What You Need to Know about Children and Omicron, Boosters and Flu in CT

Written by By Dr. Stephanie Paulmeno, DNP, RN, NHA, CPH, CCM, CDPPublic Health Education Specialist at the Greenwich Department of Health

Our COVID-19 numbers are rising rapidly every day in Connecticut and the nation. Our first Omicron case was on Dec 4, 2021, and look at where we are now, three weeks later.

We have increasing numbers of children getting infected and hospitalized as a result of COVID-19 infections.

The American Academy of Pediatrics noted that pediatric COVID cases are now “extremely high and increasing” (Pediatric COVID Cases Soar as Omicron Spreads).

Please take heed; the highly transmissible Omicron mutation is now our major of COVID-19 strain, just as the CDC had predicted.

COVID-19 vaccines are safe, free, and accessible. (Fact Check-VAERS data does not suggest COVID-19 vaccines killed 150,000 people, as analysis claims | Reuters) (Safety of COVID-19 Vaccines | CDC).

Any minor, short-lived side effects you might get from a vaccine pale in comparison to a COVID hospitalization, ICU stay, or dying.

It is not yet too late to get you or your children vaccinated, to complete your vaccine series, or to get your third shot/booster of a COVID-19 vaccine.

Children 5-16 can only receive the Pfizer vaccine, but everyone else can receive the vaccine or booster of their choice. https://www.cdc.gov/coronavirus/2019-ncov/vaccines/booster-shot.html).

The CDC (12-28-21) recommends that everyone 16-plus get a booster even though all the vaccines are doing what they should be doing (preventing severe COVID illness, hospitalization, ICU admissions and death). Antibody protection decreases over time, especially in our more vulnerable populations (the elderly, those with underlying health conditions/autoimmune diseases, people taking immune-suppressive medications/treatments, those who are obese, and people who are Black, Hispanic/ Latino, or from indigenous populations); and of course we have Omicron in the picture now, which was not a factor just 3 short weeks ago.

If you received the Johnson & Johnson vaccine, you must be 18 or older and 2-months past your last shot to get boostered. If you were vaccinated with Pfizer and are 16 or older, you can get your booster 6-months after you completed your vaccination series. If Moderna was your vaccine of choice and you are 18 or older you should get boostered 6-months after completing your initial vaccine series.

Adults are advised to “mix and match” their vaccines. No matter which vaccine you initially took, you can now take any other one as your booster. If you took the Johnson & Johnson vaccine, a traditional viral vector inoculation, consider getting a booster of an mRNA vaccine (Moderna or Pfizer). Scientific studies have shown that doing so significantly increases your antibody response by up to 10 times the protection.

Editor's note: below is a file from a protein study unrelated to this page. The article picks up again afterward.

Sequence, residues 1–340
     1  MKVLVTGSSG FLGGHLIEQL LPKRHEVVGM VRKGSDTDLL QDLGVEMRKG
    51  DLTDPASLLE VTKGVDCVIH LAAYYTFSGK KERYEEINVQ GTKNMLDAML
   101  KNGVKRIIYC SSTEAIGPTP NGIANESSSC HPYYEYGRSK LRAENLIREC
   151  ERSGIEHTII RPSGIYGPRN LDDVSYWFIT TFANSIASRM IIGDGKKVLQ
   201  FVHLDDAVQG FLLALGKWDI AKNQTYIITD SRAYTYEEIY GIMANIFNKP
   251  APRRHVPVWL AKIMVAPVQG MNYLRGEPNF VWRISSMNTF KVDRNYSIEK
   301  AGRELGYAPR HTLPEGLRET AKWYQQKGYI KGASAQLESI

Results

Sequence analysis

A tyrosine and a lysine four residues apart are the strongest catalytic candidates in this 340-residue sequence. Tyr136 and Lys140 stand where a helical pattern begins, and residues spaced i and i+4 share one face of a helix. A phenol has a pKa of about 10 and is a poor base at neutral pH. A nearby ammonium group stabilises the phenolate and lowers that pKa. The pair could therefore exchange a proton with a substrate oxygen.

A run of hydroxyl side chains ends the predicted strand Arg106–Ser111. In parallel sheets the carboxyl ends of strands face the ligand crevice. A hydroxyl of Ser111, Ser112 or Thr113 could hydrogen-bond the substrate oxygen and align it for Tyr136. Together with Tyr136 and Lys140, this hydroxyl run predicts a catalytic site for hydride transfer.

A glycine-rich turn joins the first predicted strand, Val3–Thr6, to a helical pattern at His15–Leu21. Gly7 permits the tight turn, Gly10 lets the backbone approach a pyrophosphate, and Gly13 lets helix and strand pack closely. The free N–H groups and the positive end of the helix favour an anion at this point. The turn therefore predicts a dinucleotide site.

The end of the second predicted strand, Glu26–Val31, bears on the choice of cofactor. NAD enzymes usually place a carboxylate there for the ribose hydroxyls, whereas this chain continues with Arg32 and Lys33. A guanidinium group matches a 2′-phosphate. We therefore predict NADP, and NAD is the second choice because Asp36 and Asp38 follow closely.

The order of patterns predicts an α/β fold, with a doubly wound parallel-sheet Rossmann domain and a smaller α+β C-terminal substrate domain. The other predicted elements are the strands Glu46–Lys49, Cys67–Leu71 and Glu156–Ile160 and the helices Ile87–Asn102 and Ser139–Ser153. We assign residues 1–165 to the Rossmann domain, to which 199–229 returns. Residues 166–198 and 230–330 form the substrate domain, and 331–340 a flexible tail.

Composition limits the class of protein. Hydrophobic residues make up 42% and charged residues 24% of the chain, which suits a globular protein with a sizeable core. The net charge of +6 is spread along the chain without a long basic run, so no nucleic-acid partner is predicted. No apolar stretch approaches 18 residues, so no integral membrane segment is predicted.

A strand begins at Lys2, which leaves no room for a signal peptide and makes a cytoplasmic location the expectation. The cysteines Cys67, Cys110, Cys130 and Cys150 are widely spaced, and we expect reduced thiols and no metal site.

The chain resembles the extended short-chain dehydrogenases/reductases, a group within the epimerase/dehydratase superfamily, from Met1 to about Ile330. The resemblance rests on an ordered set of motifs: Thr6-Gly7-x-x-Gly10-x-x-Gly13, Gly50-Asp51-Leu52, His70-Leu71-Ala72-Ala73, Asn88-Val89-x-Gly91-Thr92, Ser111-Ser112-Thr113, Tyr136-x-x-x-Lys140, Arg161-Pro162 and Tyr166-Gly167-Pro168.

Sandra Fryhofer, MD, shares what physicians need to know about boosters

COVID Vaccine Booster: Everything You Need to Know

COVID-19 vaccine boosters mix and match: What the evidence shows

You can register through VAMS for a pediatric COVID vaccine, your initial adult vaccine series, a 3 rd dose, or a booster vaccine by clicking on VAMS, and selecting the appropriate vaccine option for you.

Flu Season

We are now also in the midst of the annual flu season. I have been monitoring those numbers in Connecticut for the Greenwich Department of Health (CT-DPH) since October 2021, using Connecticut Department of Epidemiology & Emerging Infections data that is posted weekly.

Health experts fear that we may experience a “twindemic,” with both flu and COVID cases rising together.

Last year, when people were largely masked and socially separated because of COVID and better public compliance with public health measures, we had virtually no influenza.

Unfortunately that scenario is no longer the case in Town, in Fairfield County, in Connecticut, or in the nation. To date, CT-DPH data (12-18-21) shows that we have had 971 reported influenza-positive cases with 40 people who were so ill they had to be hospitalized, and two of them have died so far.

Flu strains being seen in Connecticut are A 2009 (H1N1-swine flu), Influenza A (H3N2); Influenza Type B, and Influenza A (Type Unspecified), which represents the highest percentage of our reported cases at this time. So far pandemics have occurred only with Influenza A strains, so monitoring our cases and the percentages of the different influenza strains is an important public health function, along with public education on minimizing disease spread through such essential life and health-saving measures as vaccinations, the appropriate and responsible use of masks, and the importance of social distancing and respiratory hygiene measures.

For your own protection, everyone 6-months of age and older should get their flu vaccines except for the very few people for whom this might be contraindicated.

The time is right now to proactively protect your own health; no one else can do that for you! If you have not done so already, please vaccinate yourself and your loved ones against annual flu and COVID. You can take both together. The symptoms of influenza and COVID are very similar, but they are two different viral diseases.

Both can and have been deadly. If contracted together, they would be far more lethal especially in our vulnerable
populations and age groups. CDC data showed that 12,000-52,000 people (36,000 on average) have died of the flu in the USA each year over the last 10-years; and that was in non-COVID pandemic years. Not all flu cases/deaths are reported thus the figure is undoubtedly higher (CDC, 2021). Protection against COVID-19 will not protect you against the flu, and getting vaccinated against the flu will not protect you against COVID. You need to be vaccinated against both! To find a flu shot near you in Connecticut click here: 2021-22 CT Flu Vaccination Clinics